Modern American capitalism is the world's envy of growth. It successfully harnesses the human drive for competitiveness with the human need to create and innovate.
Apple booms with the iPod, and Microsoft works day and night to create a better version. But when competition becomes muted and market innovation is deemed not essential, the cornucopia that we call today's capitalism stalls and society is harmed. This is exactly what has happened within our energy giants.
The most efficient way of developing new energy resources should be through private enterprise. But our major energy companies have not been pressured by the forces of modern market capitalism to give anything but lip service to the development of new energy sources. While capitalism in America is constantly evolving, creating more efficiencies and innovations, the energy industry appears to be stuck in a mercantilistic mode.
If this occurred in a small industry, few people would really care. But when the market becomes complacent in its role of innovator in our most vital industry, the government as the guardian of our nation's independence must become the catalyst for innovation.
Whether it was the Erie Canal, which led to the spectacular growth of New York City; the Manhattan Project, which gave rise to our atomic energy industry; NASA; or the Defense Department's creation of the Internet and the Pentagon's investment in computer chips during the Reagan administration, being the technological innovator for private industry is not a new role for federal or state government.
In the energy industry, the need to compete for consumers - and thus to innovate - has not been an obligation for years. Although not monopolies, the energy companies are in effect large, privately owned utilities and delivery systems. Under the premise that energy is so important to the nation that it must be treated differently, these companies are supported unlike any other industry with massive American military investments to protect their supply lines and sourcing.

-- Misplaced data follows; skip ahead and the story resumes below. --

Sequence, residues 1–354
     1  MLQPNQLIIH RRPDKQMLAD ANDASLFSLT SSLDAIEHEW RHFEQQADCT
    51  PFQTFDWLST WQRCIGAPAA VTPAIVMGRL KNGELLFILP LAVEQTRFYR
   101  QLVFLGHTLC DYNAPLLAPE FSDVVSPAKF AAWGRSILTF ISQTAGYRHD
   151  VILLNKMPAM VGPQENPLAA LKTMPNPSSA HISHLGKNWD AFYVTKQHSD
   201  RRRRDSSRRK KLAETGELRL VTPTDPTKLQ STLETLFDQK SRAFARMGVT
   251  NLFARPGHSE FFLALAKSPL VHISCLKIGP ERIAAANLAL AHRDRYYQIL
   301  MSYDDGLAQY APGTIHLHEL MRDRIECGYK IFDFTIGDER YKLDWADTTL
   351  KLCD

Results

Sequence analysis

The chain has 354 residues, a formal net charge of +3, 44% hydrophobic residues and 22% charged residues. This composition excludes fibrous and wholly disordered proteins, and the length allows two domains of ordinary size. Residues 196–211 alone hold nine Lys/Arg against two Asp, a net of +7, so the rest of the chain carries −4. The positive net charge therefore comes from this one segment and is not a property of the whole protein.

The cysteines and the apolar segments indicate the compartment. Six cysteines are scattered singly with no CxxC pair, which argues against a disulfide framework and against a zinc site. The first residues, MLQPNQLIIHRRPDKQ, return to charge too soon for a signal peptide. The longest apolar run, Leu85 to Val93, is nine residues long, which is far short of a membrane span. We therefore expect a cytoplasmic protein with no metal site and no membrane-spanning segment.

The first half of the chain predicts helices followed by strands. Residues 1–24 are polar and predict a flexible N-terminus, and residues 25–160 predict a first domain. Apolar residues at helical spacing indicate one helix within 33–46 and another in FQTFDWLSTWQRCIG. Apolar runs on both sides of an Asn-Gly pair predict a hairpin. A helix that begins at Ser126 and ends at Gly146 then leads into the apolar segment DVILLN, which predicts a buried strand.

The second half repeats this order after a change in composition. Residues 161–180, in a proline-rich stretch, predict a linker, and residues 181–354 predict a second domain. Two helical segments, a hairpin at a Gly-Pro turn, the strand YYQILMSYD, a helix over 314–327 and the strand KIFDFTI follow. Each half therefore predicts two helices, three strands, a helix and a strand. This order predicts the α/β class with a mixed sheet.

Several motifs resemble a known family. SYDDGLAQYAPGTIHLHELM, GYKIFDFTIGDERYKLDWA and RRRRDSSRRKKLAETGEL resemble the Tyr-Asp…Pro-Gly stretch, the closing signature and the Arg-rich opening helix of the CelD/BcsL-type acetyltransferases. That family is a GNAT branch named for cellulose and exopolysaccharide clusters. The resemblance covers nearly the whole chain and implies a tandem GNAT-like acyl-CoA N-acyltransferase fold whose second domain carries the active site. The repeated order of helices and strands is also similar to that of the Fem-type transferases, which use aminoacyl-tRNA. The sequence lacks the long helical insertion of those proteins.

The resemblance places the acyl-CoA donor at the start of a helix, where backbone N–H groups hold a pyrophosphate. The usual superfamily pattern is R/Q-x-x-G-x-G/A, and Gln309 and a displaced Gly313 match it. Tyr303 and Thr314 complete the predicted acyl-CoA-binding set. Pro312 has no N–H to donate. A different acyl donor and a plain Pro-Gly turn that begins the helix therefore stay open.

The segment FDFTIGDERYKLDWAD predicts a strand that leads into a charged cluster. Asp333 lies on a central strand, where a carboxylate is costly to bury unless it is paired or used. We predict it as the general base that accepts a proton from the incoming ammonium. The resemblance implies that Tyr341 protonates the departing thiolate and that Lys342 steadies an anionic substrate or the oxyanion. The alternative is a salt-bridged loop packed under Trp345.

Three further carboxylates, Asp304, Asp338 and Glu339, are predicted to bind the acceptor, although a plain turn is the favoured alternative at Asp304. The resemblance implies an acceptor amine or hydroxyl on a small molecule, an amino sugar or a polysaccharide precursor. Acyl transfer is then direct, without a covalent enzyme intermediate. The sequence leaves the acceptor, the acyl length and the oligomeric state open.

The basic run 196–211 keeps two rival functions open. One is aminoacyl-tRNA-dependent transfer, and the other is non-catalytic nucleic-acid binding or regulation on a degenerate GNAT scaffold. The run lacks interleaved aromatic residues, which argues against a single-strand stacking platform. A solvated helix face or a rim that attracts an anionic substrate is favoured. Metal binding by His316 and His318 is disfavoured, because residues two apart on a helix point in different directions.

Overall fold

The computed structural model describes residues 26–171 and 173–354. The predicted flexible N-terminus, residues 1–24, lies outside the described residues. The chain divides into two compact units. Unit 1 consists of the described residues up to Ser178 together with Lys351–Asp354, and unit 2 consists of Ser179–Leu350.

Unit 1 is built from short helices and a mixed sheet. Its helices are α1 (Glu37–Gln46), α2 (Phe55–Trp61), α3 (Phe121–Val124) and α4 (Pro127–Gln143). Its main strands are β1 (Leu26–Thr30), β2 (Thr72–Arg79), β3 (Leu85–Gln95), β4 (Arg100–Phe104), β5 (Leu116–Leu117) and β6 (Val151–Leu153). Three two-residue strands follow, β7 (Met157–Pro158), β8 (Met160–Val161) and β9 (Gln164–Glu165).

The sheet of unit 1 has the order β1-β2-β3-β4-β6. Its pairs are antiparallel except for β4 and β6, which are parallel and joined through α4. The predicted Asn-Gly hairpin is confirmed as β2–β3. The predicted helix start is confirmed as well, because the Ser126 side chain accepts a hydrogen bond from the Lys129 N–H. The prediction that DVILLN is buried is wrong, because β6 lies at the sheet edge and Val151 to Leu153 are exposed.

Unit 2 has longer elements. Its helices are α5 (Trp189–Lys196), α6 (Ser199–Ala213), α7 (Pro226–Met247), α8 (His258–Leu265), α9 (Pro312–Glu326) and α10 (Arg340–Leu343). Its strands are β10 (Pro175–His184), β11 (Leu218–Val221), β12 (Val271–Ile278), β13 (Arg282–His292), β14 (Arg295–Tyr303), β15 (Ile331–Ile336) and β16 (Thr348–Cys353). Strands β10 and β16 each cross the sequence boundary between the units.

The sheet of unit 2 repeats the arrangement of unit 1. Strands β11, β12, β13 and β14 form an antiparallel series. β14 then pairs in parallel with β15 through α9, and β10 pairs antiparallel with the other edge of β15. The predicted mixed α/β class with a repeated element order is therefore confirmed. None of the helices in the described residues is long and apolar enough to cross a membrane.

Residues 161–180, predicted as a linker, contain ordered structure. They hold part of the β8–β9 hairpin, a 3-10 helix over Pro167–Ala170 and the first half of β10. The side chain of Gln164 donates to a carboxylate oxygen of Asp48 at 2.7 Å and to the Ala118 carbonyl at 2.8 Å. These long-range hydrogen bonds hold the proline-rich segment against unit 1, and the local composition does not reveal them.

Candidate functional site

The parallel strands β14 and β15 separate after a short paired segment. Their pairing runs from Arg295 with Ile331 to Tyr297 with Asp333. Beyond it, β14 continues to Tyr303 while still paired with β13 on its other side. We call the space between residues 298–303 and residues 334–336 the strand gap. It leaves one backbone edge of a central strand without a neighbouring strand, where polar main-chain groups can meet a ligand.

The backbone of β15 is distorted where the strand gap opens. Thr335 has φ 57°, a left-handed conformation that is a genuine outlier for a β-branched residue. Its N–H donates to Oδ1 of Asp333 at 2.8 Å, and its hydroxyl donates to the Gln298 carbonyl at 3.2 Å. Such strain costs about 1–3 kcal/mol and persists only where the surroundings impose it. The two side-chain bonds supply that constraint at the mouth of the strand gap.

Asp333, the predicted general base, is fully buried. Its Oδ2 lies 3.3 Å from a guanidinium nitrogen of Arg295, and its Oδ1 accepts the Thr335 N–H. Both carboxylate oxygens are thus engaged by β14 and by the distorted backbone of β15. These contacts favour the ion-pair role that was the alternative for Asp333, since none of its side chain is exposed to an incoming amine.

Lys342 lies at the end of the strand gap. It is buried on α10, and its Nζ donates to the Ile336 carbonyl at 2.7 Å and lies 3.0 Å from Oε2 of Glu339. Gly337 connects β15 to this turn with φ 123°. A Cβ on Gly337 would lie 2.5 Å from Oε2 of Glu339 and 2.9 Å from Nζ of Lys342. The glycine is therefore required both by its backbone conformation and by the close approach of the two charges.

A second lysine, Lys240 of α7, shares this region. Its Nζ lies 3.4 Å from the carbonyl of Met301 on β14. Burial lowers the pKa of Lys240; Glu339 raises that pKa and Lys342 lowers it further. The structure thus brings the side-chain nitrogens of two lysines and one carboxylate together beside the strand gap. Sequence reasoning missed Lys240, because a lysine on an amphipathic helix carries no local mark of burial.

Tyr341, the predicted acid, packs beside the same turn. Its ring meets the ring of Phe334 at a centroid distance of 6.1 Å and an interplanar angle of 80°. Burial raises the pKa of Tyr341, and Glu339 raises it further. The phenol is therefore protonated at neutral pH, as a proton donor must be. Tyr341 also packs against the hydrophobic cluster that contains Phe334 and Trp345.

Unlike modern high-tech companies, energy companies are free to ignore Harvard business professor Clayton Christensen's maxim of "disruptive technologies": that new technologies replace existing ones because they are cheaper and more consumer-friendly. Able to disregard this need to create "newness" in the marketplace, energy companies primarily invest in growing and maintaining their supply systems.
Without market pressure to innovate to find alternative sources of energy, society receives a much-reduced benefit from the existence of these companies. Of course, in our system of capitalism, the relevance of these benefits is usually judged by the marketplace. If Toyota takes market share from Ford by manufacturing hybrids while Ford is still making SUVs, Ford is punished by the market.
But because they derive most of their profits from sourcing, the energy companies do not need competitive innovation to survive. And because their profits have been extraordinary, they are not punished by the market for a lack of innovation; in fact, they are rewarded - while at the same time, they are at liberty to ignore the market-driven changes that have moved American capitalism forward.
The energy majors know that if oil, year in and year out, remains cheaper than competitive energy products, there will be little pressure to invest in new forms of energy. And when the oil market falls, as it has for the last six months, it reinforces this corporate stagnation.
Thus the urgent need for Washington to become the risk taker of last resort. The federal government must assume the role of innovator by establishing a "superfund" to research and create alternative energy systems that would later be licensed to private industry.
Without such federal investment, the crisis for our country will remain. For in a world of energy shortages, America no longer can afford the luxury of allowing old-fashioned, noninnovative capitalism to be at the heart of its industrial system, distorting and threatening the system as a whole.
- Edward Goldberg is president of a New York-based consulting firm dealing in international trade and trade finance.